There’s no doubt about it: When farmers have access to better agricultural practices, irrigation methods and resources like seeds and tools, their yields improve. ONE members from around the world sent us their best photos of small farmers in Africa who are successfully growing healthy, abundant crops.
Some of this success is credited to US-supported programs like Feed the Future, the work of humanitarian aid organizations, and farmers’ own ingenuity. After you view these photos, make sure you sign our petition asking world leaders to support plans for long-term investment in farming in the world’s poorest places.
I’m not sure what these are, but they look very colorful and pretty. This Liberian farmer from the US-supported Feed the Future program grew these vegetables in a way that minimized environmental impact, yet increased production. Photo credit: Morgana Wingard/ ONE.
Taking sweet potatoes to sell to the market. Tanzania. Photo credit: Morgana Wingard/ ONE.
Love the color of these mangoes. Who knew that pink and green could coexist on one fruit?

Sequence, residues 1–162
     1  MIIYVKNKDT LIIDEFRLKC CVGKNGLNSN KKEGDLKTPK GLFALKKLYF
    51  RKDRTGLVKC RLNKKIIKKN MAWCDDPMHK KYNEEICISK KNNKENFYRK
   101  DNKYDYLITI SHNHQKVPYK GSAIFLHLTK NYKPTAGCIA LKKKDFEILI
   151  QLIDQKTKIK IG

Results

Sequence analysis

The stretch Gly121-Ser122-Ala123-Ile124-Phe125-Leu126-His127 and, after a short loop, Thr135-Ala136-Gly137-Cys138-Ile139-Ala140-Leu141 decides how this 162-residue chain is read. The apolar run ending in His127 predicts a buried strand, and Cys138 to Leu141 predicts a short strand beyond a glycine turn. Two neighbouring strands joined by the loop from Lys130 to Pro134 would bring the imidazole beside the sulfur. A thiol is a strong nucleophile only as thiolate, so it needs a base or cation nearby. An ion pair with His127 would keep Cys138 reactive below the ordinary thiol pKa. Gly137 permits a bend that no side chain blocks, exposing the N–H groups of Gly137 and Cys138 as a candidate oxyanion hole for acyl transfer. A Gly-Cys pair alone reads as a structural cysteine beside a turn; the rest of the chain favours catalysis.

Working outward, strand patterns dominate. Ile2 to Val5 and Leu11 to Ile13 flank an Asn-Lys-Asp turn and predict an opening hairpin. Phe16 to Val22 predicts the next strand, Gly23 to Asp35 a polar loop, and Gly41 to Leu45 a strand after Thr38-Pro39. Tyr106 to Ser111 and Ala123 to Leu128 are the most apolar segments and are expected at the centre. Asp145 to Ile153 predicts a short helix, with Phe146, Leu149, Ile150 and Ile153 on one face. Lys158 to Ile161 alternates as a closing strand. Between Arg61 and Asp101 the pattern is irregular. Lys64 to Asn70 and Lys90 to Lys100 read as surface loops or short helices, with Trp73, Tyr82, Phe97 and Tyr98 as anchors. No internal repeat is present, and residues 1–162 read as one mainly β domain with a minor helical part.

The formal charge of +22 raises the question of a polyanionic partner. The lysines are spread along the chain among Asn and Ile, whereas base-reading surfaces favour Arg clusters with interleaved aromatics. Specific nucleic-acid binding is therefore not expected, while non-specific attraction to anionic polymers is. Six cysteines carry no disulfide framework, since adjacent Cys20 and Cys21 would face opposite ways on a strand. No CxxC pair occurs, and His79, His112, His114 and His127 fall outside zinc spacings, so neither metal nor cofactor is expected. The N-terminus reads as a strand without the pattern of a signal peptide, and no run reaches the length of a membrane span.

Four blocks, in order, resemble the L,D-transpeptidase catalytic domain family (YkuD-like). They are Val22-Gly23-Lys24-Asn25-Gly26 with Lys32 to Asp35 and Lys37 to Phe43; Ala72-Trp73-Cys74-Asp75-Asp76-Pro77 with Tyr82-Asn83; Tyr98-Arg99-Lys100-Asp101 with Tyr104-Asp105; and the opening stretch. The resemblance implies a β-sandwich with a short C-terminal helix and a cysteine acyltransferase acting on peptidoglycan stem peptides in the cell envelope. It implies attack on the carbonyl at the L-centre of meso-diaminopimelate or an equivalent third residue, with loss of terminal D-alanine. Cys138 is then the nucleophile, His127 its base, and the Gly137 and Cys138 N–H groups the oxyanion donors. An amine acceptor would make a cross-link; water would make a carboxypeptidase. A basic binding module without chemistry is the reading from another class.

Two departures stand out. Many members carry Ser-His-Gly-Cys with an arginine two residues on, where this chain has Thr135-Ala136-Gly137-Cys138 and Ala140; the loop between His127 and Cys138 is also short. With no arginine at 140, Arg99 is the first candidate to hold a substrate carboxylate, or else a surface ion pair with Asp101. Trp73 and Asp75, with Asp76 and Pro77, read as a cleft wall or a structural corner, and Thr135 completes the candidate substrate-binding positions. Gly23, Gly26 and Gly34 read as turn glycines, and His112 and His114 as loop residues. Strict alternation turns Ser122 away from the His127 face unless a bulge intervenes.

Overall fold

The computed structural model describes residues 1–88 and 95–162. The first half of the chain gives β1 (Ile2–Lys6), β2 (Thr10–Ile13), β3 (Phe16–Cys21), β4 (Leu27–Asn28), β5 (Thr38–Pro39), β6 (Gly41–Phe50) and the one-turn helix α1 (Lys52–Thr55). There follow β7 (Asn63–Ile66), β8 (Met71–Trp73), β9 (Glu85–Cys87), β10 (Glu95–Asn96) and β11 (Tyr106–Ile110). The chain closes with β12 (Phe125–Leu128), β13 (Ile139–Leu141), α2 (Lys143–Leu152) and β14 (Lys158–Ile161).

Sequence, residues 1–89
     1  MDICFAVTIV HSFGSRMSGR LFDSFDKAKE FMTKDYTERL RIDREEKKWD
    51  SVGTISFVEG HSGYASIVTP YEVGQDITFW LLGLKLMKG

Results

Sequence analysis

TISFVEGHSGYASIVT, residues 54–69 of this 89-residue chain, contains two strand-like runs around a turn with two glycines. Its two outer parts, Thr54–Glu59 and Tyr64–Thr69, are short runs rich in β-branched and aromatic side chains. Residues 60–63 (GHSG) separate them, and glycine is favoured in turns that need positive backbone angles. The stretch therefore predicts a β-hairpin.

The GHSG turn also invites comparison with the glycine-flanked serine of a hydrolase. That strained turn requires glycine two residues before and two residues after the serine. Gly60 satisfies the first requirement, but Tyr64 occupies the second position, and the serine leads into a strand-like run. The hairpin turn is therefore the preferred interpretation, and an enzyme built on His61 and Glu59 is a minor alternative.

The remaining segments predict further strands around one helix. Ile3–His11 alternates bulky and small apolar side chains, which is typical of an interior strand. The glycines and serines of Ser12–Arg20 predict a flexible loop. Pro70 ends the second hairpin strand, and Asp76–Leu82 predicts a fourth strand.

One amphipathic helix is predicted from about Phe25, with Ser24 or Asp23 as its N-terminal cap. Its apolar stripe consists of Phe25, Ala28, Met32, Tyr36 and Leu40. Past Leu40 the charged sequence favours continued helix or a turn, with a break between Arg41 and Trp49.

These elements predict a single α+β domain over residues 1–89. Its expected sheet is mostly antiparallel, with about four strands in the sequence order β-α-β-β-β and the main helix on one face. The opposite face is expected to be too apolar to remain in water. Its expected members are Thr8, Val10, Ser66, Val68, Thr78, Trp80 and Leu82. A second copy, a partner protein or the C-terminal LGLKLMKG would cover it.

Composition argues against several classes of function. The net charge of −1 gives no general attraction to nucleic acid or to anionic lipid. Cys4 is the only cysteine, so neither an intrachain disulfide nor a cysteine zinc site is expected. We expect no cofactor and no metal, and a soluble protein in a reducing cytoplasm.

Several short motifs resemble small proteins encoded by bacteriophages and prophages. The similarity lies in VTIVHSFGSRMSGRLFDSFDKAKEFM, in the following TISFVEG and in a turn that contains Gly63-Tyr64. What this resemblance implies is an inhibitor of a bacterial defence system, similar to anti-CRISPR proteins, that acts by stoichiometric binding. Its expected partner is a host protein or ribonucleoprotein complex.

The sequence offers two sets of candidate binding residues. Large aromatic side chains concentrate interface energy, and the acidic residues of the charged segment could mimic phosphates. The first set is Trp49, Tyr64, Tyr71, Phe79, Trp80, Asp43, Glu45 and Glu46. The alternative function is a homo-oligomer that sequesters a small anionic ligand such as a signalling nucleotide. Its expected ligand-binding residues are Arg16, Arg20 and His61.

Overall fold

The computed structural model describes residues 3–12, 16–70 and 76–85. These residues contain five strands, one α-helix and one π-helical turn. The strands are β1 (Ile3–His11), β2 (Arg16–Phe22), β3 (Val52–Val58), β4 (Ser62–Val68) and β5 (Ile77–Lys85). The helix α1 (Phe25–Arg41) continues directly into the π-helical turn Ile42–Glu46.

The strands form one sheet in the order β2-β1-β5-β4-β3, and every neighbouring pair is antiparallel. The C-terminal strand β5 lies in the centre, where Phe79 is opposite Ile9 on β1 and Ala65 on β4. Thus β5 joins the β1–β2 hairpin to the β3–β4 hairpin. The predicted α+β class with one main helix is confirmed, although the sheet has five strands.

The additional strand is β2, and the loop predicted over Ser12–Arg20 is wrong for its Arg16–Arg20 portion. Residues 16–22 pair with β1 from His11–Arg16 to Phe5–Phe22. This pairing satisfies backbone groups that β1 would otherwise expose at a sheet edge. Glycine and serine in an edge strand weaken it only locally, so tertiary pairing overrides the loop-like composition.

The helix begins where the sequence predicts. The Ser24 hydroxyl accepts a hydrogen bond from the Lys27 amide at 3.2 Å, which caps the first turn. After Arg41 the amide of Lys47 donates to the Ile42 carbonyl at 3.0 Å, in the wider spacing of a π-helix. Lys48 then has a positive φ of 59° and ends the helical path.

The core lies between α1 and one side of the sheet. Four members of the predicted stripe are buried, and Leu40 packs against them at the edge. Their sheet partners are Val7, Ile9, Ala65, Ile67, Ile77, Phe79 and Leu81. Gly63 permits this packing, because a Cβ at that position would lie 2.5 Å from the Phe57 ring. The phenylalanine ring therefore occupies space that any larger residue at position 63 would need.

A farmer in Zimbabwe transplants little banana trees from the nursery to the field using practices she learned from Fintrac’s Agriculture Income and Employment Development program. Photo credit: Jessica Lustbader/ Fintrac.
I love how happy this farmer is about his broccoli plants. Photo credit: Jessica Lustbader/ Fintrac.
Moses Okoth of the Sukuma Wiki Youth Group carries a bundle of kale to sell at the local market. Photo credit: Jessica Lustbader/ Fintrac.
This farmer in Northern Ethiopia used a water irrigation system this year, and as a result, look at his lettuce crop! He told the photographer that the next village up the mountain did not use an irrigation and had failed crops. Photo credit: Siobhan Hughes.
A farmer in Tanzania shows off the result of good farming practices. Photo credit: Simone Paine
This photo looks like an album cover. Morobo, South Sudan. Photo credit: Erol Yayboke/ CHF International
WE NEED YOUR HELP! Sign our petition now to make sure that small farmers like these get the support they need from world leaders.
Tell us which one is your favorite in the comments below. And if you have any interesting photos you would like to share from Africa, email them to Malaka at firstname.lastname@example.org with the subject line, “Amazing Africa.”